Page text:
I doubt though that Mr Hester even does his own shopping let alone in Lidl - or maybe soon we will see him there if he has already spent his large income having mismanaged his finances.... and had anticipated his bonus as writ in stone!

Elizabeth said...

Hester turned down his bonus. The fact that he was even offered it show our systems are unbalanced. Sorry doglover, the bonus IS enormous. You should compare with what other bank staff earn .... he can't turn the fortunes of the bank around all by himself (actually he needed us, the taxpayers too). Comparing with other executives got us into this mess in the first place.

Nota Bene said...

I think you know my views are totally in accord with yours...isn't it terrible when people don't have the money for a basic like baked beans

Flowerpot said...

I quite agree Addy. I do so feel for the poor mum with the baked beans, and the other man. I am very fortunate.

Furtheron said...

it is a good point but to play devil's advocate - this is the point of capitalism - these people should "get on their bike" (remember him) and get a better job.

Don't shoot me I'm just saying what some will say...

Some 30 odd years ago we really started going wrong I feel. I was in the City at the time of deregulation and saw the avarice that some people instantly were filled with...

I read Robert Peston's blog (BBC Business editor) yesterday where he said privately that Mr Heston was really annoyed at the level of public scrutiny his package was receiving... er we bailed your bank out to the tune of $45billion pal! We have a right to ask questions! Peston indicated that he thinks he will leave to a job without that level of intrusion - well I hope he doesn't get any payoff and anything in his long term pension scheme etc should be forfeit if he walks away. Amazes me how "dumb" CEOs of major firms can be.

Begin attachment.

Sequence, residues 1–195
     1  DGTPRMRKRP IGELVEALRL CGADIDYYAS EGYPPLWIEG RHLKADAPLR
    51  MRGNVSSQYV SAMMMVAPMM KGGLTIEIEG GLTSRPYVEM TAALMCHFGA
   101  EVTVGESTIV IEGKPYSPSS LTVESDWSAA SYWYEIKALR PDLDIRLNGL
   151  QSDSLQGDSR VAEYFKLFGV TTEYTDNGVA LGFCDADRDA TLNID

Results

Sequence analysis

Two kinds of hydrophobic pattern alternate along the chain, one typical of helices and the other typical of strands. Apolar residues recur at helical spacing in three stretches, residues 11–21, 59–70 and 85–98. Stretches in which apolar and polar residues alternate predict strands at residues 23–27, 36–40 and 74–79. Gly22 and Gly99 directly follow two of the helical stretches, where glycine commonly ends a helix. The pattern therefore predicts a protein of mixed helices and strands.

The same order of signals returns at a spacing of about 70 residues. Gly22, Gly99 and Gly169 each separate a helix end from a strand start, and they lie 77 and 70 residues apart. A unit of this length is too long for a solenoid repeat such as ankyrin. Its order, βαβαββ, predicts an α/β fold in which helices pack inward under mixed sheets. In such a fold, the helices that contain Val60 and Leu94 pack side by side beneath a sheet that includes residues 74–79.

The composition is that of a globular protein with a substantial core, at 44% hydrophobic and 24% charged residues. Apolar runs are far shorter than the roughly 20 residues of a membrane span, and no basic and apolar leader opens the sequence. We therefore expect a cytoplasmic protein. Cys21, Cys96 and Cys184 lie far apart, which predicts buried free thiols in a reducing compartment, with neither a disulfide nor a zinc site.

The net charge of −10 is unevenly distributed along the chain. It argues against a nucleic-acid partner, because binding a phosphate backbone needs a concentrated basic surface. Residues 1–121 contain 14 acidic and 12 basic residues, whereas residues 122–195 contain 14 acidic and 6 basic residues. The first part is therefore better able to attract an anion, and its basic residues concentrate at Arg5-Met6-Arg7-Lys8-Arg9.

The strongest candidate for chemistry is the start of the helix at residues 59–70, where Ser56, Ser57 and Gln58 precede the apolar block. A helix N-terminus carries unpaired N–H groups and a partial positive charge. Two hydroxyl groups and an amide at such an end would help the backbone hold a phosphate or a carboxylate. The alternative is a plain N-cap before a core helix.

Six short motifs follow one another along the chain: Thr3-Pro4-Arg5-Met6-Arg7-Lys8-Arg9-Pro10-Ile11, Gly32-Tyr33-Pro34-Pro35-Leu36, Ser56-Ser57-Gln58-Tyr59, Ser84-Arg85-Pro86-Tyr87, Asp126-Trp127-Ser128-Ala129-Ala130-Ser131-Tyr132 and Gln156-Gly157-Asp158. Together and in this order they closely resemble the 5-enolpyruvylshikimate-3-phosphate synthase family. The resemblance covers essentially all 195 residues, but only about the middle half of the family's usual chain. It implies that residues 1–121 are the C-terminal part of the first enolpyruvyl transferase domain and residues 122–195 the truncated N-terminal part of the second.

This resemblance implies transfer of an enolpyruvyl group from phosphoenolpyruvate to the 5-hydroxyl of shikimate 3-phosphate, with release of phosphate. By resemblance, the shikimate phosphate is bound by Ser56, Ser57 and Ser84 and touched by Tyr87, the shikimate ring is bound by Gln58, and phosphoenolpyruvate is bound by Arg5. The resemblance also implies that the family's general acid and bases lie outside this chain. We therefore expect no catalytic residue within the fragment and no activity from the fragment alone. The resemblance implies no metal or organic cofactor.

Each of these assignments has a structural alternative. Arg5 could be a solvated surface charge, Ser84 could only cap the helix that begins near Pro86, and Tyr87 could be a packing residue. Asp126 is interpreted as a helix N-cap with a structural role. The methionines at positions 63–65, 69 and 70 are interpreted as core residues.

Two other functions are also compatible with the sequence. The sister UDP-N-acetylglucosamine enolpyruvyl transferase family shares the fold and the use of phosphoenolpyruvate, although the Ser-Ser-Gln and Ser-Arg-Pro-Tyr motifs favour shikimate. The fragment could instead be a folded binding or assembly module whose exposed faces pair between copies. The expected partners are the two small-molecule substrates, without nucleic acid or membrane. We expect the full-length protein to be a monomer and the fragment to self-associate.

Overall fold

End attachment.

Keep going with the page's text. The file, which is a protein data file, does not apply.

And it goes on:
ADDY said...

Achelois. I used to live in Germany so know Aldi well from those days and know Lidl operate in the same way. They keep their costs low by selling stock direct from their cartons rather than paying someone to unpack them onto a shelf. They also hurry things through the checkout so they can get more customers though and avoid unnecessary waiting. These cost-savings then get passed on to the customer, making things much cheaper than other shops. As you have found out, the idea is to take the scanned items off the conveyor belt and put them straight back into your empty trolley. Packing them into bags can be done near the exit AFTER you have paid. I think a lot people don't know this system, as they have not lived in Germany. I think Lidl and Aldi should put up helpful leaflets.

the veg artist said...

From what I have read about Mr Hester, he employs quite a lot of people. Not in the bank, but privately, in his home and on his estate. Gardeners, house staff and the like. He was not born to this life. Far from it. He rose through the ranks. He took jobs based on contracts offered. Those contracts are legal documents. They say such things as "If you achieve this, we will pay you £xx".
He achieved. He has rescued an institution at risk of collapse. Failure would have cost us all dearly. Now we are saying that he should not take the money he is owed. His staff will be worried. They will be many, many people affected by Mr Hester and his ilk not getting the money which they are contracted to earn.
This is the politics of envy at work.